Allstate ad called misleading

Texans aren't happy with one of Allstate's latest ads. They claim the commercial is using fear tactics to get people to buy more car insurance or else risk losing their homes.

Tom Kelley, a spokesman for Texas Attorney General Greg Abbott, said the office may order Allstate to pull the plug on the ad, which started airing Aug. 22 nationwide.

Allstate officials said the commercial is meant only to alert homeowners to serious consequences that can result from inadequate auto insurance coverage.

"The ad is not intended to communicate that a forced sale of the home occurred," Allstate spokeswoman Kim Whitaker said in an e-mail response to the criticisms.

Texas law prohibits misleading advertising. The state attorney general's office is considering sending Allstate a letter with the ultimatium to make the spot more accurate by including Texas Homestead Law or pull it off air.

Adland: 
 

Ron Jeremy warns that "too much sex can be a bad thing"

Whats new pussycat? Ron Jeremy lends his likeness to PETA and appears in a PetaTV ad where he frolics in his natural environment (nude, in a bed) and the tagline informs us cheekily that : "Too much sex can be a bad thing. Help end overpopulation - spay and neuter your dogs and cats."

There's a 'racy' newspaper ad to go with the commercial, read more to see it in full.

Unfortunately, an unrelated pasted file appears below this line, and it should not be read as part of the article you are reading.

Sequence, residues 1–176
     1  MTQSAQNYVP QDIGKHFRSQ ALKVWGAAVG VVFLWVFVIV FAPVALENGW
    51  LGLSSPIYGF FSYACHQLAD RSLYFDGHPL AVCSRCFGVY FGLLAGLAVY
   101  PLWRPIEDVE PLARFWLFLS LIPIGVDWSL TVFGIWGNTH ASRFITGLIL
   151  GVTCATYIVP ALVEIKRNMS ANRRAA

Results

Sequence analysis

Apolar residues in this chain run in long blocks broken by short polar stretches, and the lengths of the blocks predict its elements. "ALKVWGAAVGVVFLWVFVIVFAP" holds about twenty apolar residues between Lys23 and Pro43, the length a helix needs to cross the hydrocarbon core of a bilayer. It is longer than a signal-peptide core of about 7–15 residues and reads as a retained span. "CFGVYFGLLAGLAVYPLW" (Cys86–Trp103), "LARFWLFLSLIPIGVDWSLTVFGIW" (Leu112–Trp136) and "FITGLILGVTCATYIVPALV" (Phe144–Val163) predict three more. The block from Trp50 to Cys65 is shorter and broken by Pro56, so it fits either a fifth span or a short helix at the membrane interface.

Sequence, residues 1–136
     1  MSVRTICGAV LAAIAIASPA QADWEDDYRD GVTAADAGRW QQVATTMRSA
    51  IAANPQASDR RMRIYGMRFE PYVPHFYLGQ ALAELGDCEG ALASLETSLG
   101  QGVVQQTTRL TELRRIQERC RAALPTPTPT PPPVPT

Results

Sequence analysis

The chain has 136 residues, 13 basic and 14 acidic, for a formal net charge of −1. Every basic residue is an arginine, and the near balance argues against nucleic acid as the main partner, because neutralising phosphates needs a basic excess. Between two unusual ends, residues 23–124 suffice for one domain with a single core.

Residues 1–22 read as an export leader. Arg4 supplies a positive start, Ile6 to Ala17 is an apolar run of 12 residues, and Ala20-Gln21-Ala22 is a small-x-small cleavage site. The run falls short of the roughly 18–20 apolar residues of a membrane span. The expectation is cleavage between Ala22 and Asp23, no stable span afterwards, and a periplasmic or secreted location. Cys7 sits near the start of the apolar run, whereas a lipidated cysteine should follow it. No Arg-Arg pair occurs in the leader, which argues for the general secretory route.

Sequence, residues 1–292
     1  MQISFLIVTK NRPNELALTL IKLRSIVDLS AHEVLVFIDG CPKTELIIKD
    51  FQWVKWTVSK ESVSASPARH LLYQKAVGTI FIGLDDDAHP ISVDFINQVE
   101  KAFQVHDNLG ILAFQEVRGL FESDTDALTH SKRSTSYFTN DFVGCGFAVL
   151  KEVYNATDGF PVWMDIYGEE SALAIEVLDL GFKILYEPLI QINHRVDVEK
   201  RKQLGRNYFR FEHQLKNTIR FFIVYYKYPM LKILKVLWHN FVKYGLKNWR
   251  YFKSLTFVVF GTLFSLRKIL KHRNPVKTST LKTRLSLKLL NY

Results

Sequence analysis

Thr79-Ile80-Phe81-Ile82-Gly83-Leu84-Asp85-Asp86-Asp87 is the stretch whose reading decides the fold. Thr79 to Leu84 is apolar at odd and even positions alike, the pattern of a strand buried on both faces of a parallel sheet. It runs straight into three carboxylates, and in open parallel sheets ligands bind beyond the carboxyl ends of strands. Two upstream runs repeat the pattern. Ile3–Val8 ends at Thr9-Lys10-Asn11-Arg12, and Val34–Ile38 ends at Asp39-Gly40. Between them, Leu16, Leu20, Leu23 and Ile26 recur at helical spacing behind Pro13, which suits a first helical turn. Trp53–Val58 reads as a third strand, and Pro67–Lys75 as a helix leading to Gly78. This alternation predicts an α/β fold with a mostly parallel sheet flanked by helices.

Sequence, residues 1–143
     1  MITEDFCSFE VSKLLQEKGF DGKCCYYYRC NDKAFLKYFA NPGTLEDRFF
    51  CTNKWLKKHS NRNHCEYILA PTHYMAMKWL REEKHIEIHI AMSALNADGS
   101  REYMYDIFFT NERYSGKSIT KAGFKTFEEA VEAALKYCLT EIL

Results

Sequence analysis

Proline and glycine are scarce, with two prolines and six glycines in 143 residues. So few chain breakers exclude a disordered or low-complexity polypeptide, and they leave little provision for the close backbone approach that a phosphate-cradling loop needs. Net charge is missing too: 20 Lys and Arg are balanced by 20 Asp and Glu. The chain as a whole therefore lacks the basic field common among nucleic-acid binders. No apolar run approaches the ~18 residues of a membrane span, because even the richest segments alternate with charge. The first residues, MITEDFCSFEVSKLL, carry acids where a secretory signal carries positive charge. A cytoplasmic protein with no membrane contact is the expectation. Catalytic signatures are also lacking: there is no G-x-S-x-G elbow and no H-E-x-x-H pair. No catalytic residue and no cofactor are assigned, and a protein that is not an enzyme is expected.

Adland: 
 

Tired of cliches and stereotypes in advertising

Cliches in advertising have gotten under the skin of writer John Camm.

"It's tiresome to see male characters in adverts who don't resemble anyone you know," he says. "But what's perhaps worse is the absolute reliance of advertising on its own regurgitated cliches."

Camm has created a list of 26 "unwritten rules" which he thinks might as well be the Ad Bible.
(read on...there's more)

Adland: 
 

Motorola iPod phone ads use Madonna, Iggy Pop and others

BrandRepublic reports that ads for the new the Motorola Rokr, due to be revealed next week, will feature artists from every generation. Little Richard, Bootsy Collins, Lil' John, The White Stripes, Sleater-Kinney, Sum 41, Mya, Pussycat Dolls and Billie Joe from Green Day and look-a-likes of Beethoven, Jimi Hendrix and Biggie Smalls will be featured.

Adland: 
 

Ad Council launches disaster relief PSAs for Red Cross

A national series of PSAs in response to the devastation wrought by Hurricane Katrina, are being launched by The Advertising Council has joined forces with the American Red Cross. Television, radio and internet ads direct Americans to visit RedCross.org where they can make a donation and aid in the disaster relief. The pro bono ads were created pro bono by Austin-based ad agency GSD&M in less than two days.

GSD&M is also creating PSAs to generate support for the victims of Hurricane Katrina, designed to provide information about where to go for resources and support. These ads will launch in a few weeks.

Radio PSAs will be distributed nationwide today and the television spots and Web banners will be sent out tomorrow. FastChannel Network is donating services for the TV and radio distribution. In addition, media trade associations including the National Cable & Telecommunications Association (NCTA) and the National Association of Broadcasters (NAB) have also come forward to offer their support for the PSAs by engaging their members and helping with distribution.

Adland: 
 

Sprint ad blitz begins

Today, Sprint is launching a massive advertising blitz around the idea of "choice". A $600 million plus campaign follows the merger between Sprint and Nextel.

From the press release: